From a young age the necessity of travel has always been a large part of my life. Therefore I’ve spent a lot of time on the road, in hotel lobbies, airport terminals, train stations, restaurants, and clubs. I’ve always enjoyed meeting people from different cultures and all walks of life. To quote Will Rogers, “I’ve never met a man I didn’t like.” Everything I’ve learned about them has become fodder for my writing. I’ve found inspiration from the South Seas to South America to Saudi Arabia, around the Caribbean, and in whistle stops large and small while driving across America. Mountains, oceans, lakes, waterfalls, forests, and wide open spaces have become equally conducive to creativity and true clarity of thought, but in the end, there’s always home sweet home.
I always keep several number two mechanical pencils—with good erasers—with me, as well as a smallish wire bound notebook and/or a thin, hardback, three-ring black binder filled with wide-ruled notebook paper. That way I can always jot down thoughts, notes, characters, their development, and plot lines as they come to me.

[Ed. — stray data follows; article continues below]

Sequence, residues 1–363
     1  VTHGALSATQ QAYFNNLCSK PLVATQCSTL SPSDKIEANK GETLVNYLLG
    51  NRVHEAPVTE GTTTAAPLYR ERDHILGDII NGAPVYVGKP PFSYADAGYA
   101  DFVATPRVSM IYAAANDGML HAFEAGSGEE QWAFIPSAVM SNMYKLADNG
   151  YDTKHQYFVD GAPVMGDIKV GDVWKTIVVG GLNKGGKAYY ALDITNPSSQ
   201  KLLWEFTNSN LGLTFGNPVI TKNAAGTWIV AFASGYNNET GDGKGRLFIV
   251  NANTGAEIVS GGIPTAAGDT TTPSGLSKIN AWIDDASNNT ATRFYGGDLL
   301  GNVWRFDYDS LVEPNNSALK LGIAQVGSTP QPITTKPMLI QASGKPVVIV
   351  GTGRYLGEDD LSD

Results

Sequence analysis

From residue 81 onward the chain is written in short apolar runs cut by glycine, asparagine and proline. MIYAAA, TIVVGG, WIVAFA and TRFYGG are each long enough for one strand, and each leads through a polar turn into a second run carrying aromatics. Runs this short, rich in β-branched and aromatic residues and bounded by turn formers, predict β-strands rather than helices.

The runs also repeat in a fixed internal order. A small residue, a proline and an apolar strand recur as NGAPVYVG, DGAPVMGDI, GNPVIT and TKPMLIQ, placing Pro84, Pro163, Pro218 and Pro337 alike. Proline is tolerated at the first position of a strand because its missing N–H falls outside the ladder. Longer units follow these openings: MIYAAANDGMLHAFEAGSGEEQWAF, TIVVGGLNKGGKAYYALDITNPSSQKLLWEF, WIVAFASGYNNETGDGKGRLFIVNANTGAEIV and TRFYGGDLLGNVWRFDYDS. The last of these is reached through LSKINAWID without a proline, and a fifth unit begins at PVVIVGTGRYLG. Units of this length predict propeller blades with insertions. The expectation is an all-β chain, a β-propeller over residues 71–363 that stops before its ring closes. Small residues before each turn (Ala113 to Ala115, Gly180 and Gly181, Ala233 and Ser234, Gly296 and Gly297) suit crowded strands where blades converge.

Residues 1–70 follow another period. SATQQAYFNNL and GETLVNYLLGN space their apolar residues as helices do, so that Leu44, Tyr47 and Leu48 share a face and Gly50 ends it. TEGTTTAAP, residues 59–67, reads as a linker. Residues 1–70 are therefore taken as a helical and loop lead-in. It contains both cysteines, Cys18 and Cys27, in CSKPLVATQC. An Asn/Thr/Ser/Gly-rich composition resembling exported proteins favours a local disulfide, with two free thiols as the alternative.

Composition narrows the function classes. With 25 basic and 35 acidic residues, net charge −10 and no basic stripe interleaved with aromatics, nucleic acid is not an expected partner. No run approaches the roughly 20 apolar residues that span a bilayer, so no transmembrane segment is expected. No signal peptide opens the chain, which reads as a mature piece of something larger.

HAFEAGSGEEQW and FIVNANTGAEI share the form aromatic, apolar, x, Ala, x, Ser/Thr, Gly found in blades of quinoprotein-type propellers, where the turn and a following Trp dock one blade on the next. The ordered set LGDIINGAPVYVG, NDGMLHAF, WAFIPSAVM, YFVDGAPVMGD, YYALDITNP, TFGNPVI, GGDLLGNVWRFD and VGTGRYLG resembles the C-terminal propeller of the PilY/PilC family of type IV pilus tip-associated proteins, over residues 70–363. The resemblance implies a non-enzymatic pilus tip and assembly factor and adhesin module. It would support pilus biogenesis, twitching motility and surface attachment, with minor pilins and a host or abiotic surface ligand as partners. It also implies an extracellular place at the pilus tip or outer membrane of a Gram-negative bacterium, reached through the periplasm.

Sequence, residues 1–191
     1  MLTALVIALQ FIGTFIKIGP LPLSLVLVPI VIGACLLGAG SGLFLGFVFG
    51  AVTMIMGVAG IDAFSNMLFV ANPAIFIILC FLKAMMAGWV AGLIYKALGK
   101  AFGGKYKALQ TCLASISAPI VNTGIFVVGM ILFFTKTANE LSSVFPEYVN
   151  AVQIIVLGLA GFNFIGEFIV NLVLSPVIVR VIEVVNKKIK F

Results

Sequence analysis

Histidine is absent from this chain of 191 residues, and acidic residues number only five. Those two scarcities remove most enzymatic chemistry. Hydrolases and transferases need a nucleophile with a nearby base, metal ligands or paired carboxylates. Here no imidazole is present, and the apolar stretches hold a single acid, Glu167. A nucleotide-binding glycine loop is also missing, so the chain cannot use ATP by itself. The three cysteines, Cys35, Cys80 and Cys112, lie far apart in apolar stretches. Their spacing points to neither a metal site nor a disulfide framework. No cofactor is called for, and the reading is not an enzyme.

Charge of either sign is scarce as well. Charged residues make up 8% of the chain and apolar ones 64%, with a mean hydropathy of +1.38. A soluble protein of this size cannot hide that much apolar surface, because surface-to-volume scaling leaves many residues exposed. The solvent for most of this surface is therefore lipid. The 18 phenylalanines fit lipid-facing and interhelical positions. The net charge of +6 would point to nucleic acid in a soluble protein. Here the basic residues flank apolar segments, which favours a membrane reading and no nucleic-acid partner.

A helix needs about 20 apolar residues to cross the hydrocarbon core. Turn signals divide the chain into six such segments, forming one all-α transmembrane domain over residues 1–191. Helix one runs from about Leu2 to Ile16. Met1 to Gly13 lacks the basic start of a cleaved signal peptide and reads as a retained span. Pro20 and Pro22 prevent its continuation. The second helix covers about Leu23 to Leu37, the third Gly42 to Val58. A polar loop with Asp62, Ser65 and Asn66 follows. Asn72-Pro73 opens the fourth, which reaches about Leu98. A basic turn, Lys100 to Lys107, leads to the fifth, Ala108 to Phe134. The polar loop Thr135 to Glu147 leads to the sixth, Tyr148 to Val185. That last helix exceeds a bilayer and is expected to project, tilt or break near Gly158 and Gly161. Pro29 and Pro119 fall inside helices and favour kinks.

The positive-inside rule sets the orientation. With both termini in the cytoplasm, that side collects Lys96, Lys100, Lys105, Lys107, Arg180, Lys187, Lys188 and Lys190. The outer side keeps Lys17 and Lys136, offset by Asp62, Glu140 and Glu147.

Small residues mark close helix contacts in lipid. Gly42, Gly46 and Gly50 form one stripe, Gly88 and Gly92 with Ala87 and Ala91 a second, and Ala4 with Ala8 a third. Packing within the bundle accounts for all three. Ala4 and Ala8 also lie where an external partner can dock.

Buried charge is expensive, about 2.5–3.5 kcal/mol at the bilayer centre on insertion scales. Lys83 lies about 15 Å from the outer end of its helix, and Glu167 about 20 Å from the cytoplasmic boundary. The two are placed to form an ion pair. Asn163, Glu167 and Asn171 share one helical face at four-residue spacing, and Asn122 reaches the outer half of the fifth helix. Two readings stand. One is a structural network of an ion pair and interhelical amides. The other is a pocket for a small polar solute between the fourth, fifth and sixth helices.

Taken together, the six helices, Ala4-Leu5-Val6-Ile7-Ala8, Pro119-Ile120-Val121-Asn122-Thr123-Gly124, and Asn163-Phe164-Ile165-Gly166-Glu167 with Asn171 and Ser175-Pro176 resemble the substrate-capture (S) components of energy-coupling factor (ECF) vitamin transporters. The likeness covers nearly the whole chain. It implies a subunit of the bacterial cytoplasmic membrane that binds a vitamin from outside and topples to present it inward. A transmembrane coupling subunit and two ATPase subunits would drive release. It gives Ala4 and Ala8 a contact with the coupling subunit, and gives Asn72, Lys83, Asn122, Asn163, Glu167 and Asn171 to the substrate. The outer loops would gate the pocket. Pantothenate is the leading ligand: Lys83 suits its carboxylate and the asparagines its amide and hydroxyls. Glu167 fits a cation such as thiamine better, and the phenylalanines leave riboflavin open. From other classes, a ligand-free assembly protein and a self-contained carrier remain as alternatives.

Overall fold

My maple-paneled office contains a U-shaped desk topped with a hutch that my wife gave me years ago as an anniversary gift. I’ll keep it forever. Decorating the walls are a crossed Army officer’s sword and scabbard mounted on a shield-shaped cherry wood plaque, and a large walnut framed original painting of two small fishing boats floating serenely in a calm harbor at sunset. My bookcases are filled with books, and many framed photos of my family of different colors, shapes, and sizes. One of my favorite things besides the family photos is an over six-foot-tall hand-carved Hawaiian monkey pod tri-fold screen. Memorabilia include a large green jade hand-carved mulga wood aboriginal adze, a hexagonal black marble paperweight, and many rocks, minerals, and seashells.
Against the wall is a Hobart M. Cable spinet piano, which I’ve had for many years. When I play it, it centers me.